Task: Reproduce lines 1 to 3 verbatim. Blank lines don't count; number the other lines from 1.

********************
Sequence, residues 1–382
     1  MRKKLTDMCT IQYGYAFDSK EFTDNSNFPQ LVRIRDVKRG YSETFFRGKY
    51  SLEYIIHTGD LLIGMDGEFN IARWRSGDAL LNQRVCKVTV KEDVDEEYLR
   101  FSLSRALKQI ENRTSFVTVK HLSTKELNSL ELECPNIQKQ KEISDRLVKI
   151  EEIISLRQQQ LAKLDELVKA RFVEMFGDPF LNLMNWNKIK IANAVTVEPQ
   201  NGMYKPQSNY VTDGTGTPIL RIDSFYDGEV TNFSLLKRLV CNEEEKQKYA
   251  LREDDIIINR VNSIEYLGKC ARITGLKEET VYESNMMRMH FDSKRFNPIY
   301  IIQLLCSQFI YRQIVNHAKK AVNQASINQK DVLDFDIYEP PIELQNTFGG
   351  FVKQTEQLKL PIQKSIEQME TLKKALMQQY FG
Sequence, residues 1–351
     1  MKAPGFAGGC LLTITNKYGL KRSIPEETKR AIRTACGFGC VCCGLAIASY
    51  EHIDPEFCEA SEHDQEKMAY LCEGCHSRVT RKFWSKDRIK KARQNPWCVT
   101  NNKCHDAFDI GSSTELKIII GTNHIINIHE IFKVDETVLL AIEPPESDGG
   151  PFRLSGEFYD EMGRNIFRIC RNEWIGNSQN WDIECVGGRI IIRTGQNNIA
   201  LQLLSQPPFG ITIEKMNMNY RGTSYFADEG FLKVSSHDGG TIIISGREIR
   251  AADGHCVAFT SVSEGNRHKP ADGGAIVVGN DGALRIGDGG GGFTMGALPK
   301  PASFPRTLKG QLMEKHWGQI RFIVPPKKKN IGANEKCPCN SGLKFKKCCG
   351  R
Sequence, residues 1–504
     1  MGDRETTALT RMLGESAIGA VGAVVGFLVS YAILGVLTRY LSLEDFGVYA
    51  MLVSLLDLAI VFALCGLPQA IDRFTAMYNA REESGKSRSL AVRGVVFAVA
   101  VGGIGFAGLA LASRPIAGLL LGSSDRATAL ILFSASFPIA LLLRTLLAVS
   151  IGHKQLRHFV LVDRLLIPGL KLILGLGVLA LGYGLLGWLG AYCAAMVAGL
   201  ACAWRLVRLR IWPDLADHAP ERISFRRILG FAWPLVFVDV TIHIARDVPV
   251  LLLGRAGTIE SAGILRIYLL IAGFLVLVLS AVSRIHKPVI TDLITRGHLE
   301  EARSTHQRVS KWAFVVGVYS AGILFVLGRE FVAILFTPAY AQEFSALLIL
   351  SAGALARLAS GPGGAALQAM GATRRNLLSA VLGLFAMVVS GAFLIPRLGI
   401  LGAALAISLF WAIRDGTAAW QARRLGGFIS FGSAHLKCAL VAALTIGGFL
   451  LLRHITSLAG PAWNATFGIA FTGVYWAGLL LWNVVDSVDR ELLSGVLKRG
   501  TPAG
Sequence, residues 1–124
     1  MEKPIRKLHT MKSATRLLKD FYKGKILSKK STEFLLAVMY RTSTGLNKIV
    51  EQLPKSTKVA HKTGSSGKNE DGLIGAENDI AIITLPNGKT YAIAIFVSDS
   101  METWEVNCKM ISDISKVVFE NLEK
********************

Sequence, residues 1–382
     1  MRKKLTDMCT IQYGYAFDSK EFTDNSNFPQ LVRIRDVKRG YSETFFRGKY
    51  SLEYIIHTGD LLIGMDGEFN IARWRSGDAL LNQRVCKVTV KEDVDEEYLR